While yoga is available in various stages, it tends to require a significant amount of strength, balance, and the ability to stretch. Qigong tends to focus more heavily on slow, methodical movements paired with breathing. This makes Qigong more accessible to individuals of all ages and physical restrictions.
Benefits of Qigong
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It is essential to examine the benefits of any therapy before deciding to incorporate it into your healing or recovery process. With consistent, focused practice, there are a variety of health benefits you can expect from Qigong.
Reduce Blood Pressure
There are numerous external influences that can cause an increase in blood pressure, and stress is chief among them. Qigong is designed to help individuals self-regulate their feelings of stress to achieve both physical and mental relief. In fact, Qigong has demonstrated the ability to minimize the impacts of daily stressors and alleviate ailments such as high blood pressure.
Research shows that physical activity and breathwork, which is a major component of this therapy, can both help to reduce blood pressure. Slow, thoughtful breathing can help calm the sympathetic component of your autonomic nervous system, also known as your fight or flight reaction. In this way, improving the relationship between body and mind via Qigong can help combat high blood pressure. 2
Alleviate Chronic Pain
Chronic pain can impact every aspect of your life, leaving you feeling exhausted and limited in your ability to participate in even the most basic activities. For those struggling with chronic pain, movement is often restricted, helping to prevent any further flares or discomforts. Qigong is an ideal therapeutic solution because it has minimal impact, utilizing controlled breathing and gentle movements to slowly increase circulation, reduce inflammation, and promote healing. For individuals struggling to find an exercise option that provides results without risking injury, Qigong is the solution.
Improved Physical Fitness
As mentioned, Qigong is low impact, utilizing aerobic and strength components that are within most physical means. This enables people of all ages and medical circumstances to participate, including those with limited mobility. For most individuals, any form of exercise is better than no exercise. Movements associated with Qigong can be modified to adapt to any unique need.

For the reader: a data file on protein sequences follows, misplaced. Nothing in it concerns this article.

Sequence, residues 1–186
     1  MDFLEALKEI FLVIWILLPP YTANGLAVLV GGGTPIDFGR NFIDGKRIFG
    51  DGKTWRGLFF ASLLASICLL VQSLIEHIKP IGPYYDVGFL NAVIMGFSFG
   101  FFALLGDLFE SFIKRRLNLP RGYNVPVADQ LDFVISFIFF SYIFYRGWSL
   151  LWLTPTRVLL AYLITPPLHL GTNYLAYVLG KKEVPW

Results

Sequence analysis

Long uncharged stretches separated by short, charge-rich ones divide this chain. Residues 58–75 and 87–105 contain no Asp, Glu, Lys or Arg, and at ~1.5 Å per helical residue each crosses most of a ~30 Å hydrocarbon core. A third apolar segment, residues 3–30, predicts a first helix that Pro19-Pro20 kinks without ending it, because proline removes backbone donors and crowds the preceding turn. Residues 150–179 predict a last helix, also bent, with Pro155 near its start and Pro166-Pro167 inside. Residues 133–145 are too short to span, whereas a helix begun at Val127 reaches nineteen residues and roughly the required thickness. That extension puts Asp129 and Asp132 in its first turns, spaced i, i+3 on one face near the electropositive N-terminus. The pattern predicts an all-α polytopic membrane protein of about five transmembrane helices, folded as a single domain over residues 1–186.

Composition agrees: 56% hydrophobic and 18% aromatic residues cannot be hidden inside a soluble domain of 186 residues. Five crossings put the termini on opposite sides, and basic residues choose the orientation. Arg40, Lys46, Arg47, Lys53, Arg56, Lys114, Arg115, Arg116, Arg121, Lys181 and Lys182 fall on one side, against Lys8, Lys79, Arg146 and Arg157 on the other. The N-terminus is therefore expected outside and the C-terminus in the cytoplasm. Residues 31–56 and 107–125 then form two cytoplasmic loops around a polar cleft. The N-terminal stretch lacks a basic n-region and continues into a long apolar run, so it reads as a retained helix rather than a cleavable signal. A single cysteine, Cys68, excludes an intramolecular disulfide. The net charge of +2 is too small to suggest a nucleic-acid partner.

Reduce Depression and Anxiety
Qigong is designed to address both the physical body and the mind. Studies have found that Qigong is an effective therapy for individuals with major depressive disorder. Participants who practiced for 45-60 minutes at least 2-3 times a week for twelve weeks experienced lasting relief from their symptoms. Our minds thrive best when there is balance, and Qigong can address the imbalances that directly impact the severity of depression and anxiety symptoms.3
Relieve Cancer-Related Symptoms
Cancer treatment can take a serious toll on the body and mind. It is often necessary to introduce a variety of therapies that can help manage the stress, anxiety, and discomfort of cancer diagnosis and treatment. Researchers found that Qigong is an effective option for managing stress and anxiety related to cancer. When exploring the health benefits of patients dealing with breast cancer, they found that practicing Qigong twice a week for ten weeks proved a distinct improvement in quality of life compared to those who received conventional medical care. Researchers found patients were less tense and experienced relief from anxiety and depression.4
There is often a false assumption that the more intensive the physical activity, the better the benefits. Qigong is one of many therapies that prove that this is not always true. Slower movements can help lubricate troubled joints, promote circulation, bring balance to the body, and improve the immune system. In this way, Qigong appears to help improve immune system function and inflammatory response.
The Benefits of Qigong for Addiction Treatment
Substance use, much like continued pharmaceutical medication use, can drastically alter the chemical balance in both the brain and body, changing the way the brain works. This continuously disordered operation is why many professionals refer to addiction as a disease: the parts of the brain that address impulse control, decision-making, and more are not operating as they should. For those in addiction recovery, restoring balance to the body and mind can be a complex journey, and Qigong can help.